On the urban front, Rajasthan’s progress has been good, as all 191 urban local bodies (ULBs) have been declared ODF. Major cities like Jaipur, Jodhpur and Bikaner have become ODF. Across the state, over 3 lakh (3,31,949) individual household toilets have been built in cities and 18,351 public and community toilets have been constructed across the state since October 2014. Two of Rajasthan’s major cities, Jaipur and Udaipur, performed well in the annual clean city survey, Swachh Survekshan 2018. Jaipur was ranked 39th this year, compared to 215 in 2017, while Udaipur jumped 225 positions to rank 85th from last year’s 310.
Despite being ODF in rural and urban areas, usage of toilets is an area where Rajasthan would like to improve its performance. A study undertaken by the think tank Centre for Policy Research (CPR) observed nine gram panchayats in early 2018, and noted that 38 per cent of the population in those nine gram panchayats practised open defecation. The reasons ranged from not being habituated to using toilets to not using them due to fear of maintenance cost burden. Lack of awareness about toilet construction and usage has been identified as primary reasons why over one-third of the people in surveyed villages continued to defecate in the open. Rajasthan spent only 3 per cent of its Rs 56 crore budget on Information, Education and Communication (IEC) activities.
“A lot of toilets in the state were built without adequately explaining their usage and utility. While the performance of some districts has been impressive, many villagers in the state are still not regularly using toilets as the behavioural change has not come. The government has done the job of building the toilets, but must ensure that issues related to their non-usage are addressed and resolved so that majority of the state does not revert to open defecation,” said Farrukh Rahman Khan, Regional Manager (North), Water and Sanitation, WaterAid India.
Talking about the CPR survey, Anand Kumar, State Secretary for Rural Sanitation, said that all the districts were monitoring their ODF status closely, and awareness activities were being conducted simultaneously to ensure that people don’t revert to open defecation.
“We have received reports of open defecation from certain villages and districts post the ODF declaration. The ODF declaration does not mean we will stop monitoring sanitation activities in the state. All districts have been asked to continue IEC activities, hold regular meetings to take stock of ODF districts and take adequate steps where open defecation continues. We are confident that by October 2019, stray incidents of open defecation will also be addressed properly,” said Mr Kumar.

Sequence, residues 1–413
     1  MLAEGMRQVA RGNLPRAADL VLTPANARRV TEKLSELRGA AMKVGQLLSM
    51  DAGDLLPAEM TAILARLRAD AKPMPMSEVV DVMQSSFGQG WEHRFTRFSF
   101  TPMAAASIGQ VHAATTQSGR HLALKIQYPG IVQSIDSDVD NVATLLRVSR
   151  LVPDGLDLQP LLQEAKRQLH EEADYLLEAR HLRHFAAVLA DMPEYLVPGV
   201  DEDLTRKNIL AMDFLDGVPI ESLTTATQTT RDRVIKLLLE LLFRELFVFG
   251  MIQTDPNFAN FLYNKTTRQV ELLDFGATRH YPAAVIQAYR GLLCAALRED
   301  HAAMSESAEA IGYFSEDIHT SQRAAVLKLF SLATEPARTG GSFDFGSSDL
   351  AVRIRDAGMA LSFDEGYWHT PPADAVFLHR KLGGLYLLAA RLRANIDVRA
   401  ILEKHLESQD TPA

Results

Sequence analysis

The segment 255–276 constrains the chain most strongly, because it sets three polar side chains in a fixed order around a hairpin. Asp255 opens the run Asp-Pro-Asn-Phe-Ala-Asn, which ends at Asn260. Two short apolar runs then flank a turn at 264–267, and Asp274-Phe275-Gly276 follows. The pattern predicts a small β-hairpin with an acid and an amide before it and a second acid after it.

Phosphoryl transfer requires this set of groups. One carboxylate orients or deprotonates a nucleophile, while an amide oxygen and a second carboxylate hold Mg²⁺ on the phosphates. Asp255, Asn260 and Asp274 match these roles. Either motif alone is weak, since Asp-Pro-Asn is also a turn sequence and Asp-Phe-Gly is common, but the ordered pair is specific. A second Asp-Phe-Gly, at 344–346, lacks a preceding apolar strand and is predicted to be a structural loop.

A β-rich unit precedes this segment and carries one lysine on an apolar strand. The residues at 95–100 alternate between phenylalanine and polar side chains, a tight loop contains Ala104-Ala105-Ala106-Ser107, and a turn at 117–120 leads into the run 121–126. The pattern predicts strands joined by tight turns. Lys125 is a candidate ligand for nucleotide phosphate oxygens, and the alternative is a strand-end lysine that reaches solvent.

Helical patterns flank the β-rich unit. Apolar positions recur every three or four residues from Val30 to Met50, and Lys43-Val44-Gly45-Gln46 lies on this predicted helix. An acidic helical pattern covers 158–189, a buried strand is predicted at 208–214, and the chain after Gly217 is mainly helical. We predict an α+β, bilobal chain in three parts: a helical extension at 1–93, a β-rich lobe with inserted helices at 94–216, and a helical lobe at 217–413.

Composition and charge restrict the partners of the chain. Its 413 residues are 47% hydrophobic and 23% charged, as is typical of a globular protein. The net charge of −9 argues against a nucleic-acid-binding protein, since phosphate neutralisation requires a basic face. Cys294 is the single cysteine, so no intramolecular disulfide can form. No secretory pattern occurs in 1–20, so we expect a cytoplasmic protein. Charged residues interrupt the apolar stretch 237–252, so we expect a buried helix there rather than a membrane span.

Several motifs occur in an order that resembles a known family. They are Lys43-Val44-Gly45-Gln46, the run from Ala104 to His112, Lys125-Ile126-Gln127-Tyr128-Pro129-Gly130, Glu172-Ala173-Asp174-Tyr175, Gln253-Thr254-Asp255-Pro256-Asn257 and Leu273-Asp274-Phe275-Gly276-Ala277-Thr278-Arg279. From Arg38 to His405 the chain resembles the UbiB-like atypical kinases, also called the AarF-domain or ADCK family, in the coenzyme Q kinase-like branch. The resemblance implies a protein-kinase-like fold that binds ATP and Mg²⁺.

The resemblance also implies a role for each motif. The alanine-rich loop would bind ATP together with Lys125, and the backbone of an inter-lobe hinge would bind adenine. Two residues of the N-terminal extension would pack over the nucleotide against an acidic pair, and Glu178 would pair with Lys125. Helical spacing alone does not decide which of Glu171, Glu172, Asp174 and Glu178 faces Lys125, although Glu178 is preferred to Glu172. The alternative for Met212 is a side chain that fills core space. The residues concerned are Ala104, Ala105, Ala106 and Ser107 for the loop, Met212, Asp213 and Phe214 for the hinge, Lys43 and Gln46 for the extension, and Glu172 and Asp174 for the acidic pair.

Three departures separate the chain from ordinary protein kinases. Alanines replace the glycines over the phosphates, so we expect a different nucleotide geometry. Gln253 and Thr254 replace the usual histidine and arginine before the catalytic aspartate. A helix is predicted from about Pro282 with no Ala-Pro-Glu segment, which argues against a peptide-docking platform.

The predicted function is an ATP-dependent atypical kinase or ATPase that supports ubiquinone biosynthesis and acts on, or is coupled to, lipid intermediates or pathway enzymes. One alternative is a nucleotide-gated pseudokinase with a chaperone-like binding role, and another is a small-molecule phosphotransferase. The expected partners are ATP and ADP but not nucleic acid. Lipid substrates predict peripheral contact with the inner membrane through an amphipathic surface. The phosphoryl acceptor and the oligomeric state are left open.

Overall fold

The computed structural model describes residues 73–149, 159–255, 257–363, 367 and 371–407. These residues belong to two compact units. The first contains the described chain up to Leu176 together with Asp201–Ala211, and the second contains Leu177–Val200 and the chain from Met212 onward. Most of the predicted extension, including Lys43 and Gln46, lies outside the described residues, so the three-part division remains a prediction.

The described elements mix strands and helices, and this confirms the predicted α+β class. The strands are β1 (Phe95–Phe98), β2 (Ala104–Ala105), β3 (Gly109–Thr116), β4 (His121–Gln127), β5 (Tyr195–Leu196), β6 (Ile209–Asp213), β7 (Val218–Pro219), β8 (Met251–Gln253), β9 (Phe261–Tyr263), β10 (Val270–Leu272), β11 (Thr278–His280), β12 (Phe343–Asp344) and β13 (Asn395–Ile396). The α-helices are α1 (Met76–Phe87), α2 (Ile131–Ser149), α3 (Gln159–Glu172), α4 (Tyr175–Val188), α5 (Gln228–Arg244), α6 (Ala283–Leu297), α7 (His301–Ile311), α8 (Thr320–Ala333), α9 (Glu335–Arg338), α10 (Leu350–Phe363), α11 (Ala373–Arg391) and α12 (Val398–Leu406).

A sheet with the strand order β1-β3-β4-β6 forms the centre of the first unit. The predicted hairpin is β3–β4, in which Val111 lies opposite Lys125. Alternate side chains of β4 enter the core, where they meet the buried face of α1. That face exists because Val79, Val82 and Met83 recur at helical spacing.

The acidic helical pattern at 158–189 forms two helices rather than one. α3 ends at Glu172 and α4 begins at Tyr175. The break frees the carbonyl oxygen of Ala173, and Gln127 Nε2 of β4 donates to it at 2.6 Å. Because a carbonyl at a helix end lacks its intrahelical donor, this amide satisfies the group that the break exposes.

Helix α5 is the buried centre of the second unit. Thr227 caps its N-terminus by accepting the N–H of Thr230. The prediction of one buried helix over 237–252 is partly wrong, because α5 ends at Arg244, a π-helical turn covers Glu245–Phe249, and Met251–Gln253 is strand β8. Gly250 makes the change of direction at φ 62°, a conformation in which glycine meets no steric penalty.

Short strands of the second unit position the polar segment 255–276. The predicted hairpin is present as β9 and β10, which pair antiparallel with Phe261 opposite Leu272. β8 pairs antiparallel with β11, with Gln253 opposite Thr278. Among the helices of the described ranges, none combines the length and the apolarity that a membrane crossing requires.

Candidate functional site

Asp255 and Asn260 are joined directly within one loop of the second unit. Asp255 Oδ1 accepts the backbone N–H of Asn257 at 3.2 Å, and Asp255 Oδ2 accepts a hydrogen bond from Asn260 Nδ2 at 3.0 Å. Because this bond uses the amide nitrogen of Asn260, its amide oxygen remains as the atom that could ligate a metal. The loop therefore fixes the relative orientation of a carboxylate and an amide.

If numbers are anything to go by, Rajasthan’s performance in the Swachh Bharat Abhiyan has been impressive. Across the state, instances of people helping each other to put an end to poor sanitation conditions have been witnessed. In Kota, local police were assigned to motivate people to build toilets and police officials went from door-to-door to spread awareness or in Dungarpur where women took it upon themselves to construct toilets. But the pace of toilet construction may have had an effect on communicating the message of Swachhata and toilet usage to people. Persistence of open defecation in an ODF state will defeat the hard work done by Rajasthan in four years of Swachhh Bharat Abhiyan. The state will need to address all these concerns before the national deadline of October 2019, to truly emerge as a success story of the Swachh Bharat Mission.
NDTV – Dettol Banega Swachh India campaign lends support to the Government of India’s Swachh Bharat Mission (SBM). Helmed by Campaign Ambassador Amitabh Bachchan, the campaign aims to spread awareness about hygiene and sanitation, the importance of building toilets and making India open defecation free (ODF) by October 2019, a target set by Prime Minister Narendra Modi, when he launched Swachh Bharat Abhiyan in 2014. Over the years, the campaign has widened its scope to cover issues like air pollution, waste management, plastic ban, manual scavenging and menstrual hygiene. The campaign has also focused extensively on marine pollution, clean Ganga Project and rejuvenation of Yamuna, two of India’s major river bodies.